“We are putting women on a platform to talk for themselves,” was the proclamation made by Mrs Isatu Wurie, the head of SWAASL, on the launching of “Voice of Women” last Friday at the British Council hall in Freetown.
The new organization is a network initiated by SWAASL which is to literally give voice to women. According to Mrs Wurie, “the network is not a support group but should stand on its own and take action”.
She said they enabled these women on the backdrop that the world over and Sierra Leone in particular had given the AIDS virus a woman’s face, and that there was this fact that women were three times more likely to be affected.
“So if women are to clear themselves of this stigma and vulnerability they need to get organized and stand up to the challenges,” she implored.
Mrs Wurie assured that SWAASL would continue to help the organization make all the noise, but that they should completely take their own responsibility and provide capacity for other women.
Actionaid, which has also been supporting this new network, accepted that women had been greatly affected and that a wide range of women’s human rights was being violated.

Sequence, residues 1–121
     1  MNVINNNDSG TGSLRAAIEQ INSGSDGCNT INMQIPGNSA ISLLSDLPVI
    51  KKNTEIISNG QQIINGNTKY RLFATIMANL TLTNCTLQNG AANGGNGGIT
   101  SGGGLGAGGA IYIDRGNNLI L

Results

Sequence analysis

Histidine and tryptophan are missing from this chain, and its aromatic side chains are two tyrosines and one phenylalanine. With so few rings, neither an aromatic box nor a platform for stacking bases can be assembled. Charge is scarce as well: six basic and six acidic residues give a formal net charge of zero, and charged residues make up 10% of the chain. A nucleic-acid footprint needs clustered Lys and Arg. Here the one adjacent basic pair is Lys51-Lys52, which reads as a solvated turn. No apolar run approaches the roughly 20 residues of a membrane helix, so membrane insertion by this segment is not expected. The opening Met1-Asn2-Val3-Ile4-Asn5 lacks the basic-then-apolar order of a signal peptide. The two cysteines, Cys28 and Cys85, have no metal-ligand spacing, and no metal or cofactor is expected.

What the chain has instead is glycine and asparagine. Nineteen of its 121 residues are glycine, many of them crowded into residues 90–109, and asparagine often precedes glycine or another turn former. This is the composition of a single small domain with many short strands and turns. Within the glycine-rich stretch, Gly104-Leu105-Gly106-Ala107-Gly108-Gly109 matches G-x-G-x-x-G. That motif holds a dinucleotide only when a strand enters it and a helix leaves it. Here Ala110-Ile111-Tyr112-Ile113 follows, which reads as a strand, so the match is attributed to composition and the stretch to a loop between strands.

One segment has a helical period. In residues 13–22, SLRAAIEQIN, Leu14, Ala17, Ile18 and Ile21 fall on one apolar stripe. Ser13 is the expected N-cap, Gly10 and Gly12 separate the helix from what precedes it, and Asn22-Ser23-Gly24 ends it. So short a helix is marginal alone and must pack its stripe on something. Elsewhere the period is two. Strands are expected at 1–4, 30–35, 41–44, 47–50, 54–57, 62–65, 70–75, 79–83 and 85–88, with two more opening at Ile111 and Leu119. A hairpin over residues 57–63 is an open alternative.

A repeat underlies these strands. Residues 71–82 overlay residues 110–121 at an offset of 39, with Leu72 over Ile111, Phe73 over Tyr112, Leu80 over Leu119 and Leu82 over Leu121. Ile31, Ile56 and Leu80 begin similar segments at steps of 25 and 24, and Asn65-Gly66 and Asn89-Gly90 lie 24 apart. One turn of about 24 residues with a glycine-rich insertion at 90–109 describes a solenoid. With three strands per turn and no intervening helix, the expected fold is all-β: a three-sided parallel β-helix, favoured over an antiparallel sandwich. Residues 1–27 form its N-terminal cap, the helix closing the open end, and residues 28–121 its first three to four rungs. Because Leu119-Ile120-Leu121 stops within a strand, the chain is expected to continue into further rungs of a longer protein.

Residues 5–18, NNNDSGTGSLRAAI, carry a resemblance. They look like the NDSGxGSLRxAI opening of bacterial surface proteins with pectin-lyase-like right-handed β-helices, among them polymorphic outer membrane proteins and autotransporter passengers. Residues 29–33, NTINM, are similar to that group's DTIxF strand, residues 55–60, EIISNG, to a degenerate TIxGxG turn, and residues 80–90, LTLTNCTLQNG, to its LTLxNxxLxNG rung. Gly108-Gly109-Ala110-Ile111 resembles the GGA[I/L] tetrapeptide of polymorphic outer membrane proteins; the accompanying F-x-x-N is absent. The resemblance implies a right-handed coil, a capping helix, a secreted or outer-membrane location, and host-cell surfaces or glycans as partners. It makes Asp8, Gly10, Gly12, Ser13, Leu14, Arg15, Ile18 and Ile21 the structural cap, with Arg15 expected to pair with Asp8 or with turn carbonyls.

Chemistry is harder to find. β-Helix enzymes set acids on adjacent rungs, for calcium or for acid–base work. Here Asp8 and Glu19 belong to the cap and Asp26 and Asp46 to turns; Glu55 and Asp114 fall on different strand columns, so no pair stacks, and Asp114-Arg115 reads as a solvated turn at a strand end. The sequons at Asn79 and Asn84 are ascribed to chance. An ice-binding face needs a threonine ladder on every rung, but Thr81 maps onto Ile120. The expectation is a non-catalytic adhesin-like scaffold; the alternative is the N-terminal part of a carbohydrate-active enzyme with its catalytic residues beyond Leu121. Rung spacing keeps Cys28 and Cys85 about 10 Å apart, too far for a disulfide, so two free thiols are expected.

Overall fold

Ms Alice Kamara, who represented actionaid, pointed out that women had been the most vulnerable when it came to the spread of HIV and AIDS.
She pointed to the war, prostitution, marital rape, polygamy and unfavorable laws as factors responsible for the vulnerability of women getting the disease.
Miss Kamara pledged that, “actionaid is committed to the cause of women and would support the VOW to advocate and fight for women”.
The UNAIDS representative said they were happy to see the wave of response against the epidemic.
He pointed out that, “UNAIDS is committed to any fight against AIDS,” noting that they had been giving technical and financial aid to the fight against the scourging epidemic.
Abubakarr Koroma, who represented the National AIDS Secretariat, said the launching of VOW symbolically meant that women had taken a vow to stand up to the challenges of the fight against HIV and AIDS.
He said together with other institutions they were fighting to see that a new bill on AIDS was passed, whilst revealing also that there were strong indications that the bill would be passed.
Giving the keynote address Ms. Amie Kandeh, who represented International Committee of the Red Cross (ICRC), highlighted that the epidemic would be curtailed only if there was a political commitment, a dedicated and more inclusive action.
She also stressed that, “we must break the silence on sexuality” and also used the resources for AIDS on the approaches that worked.
Ms. Amie Kandeh urged that the resources on HIV and AIDS should be used to meet the needs of people living with the virus.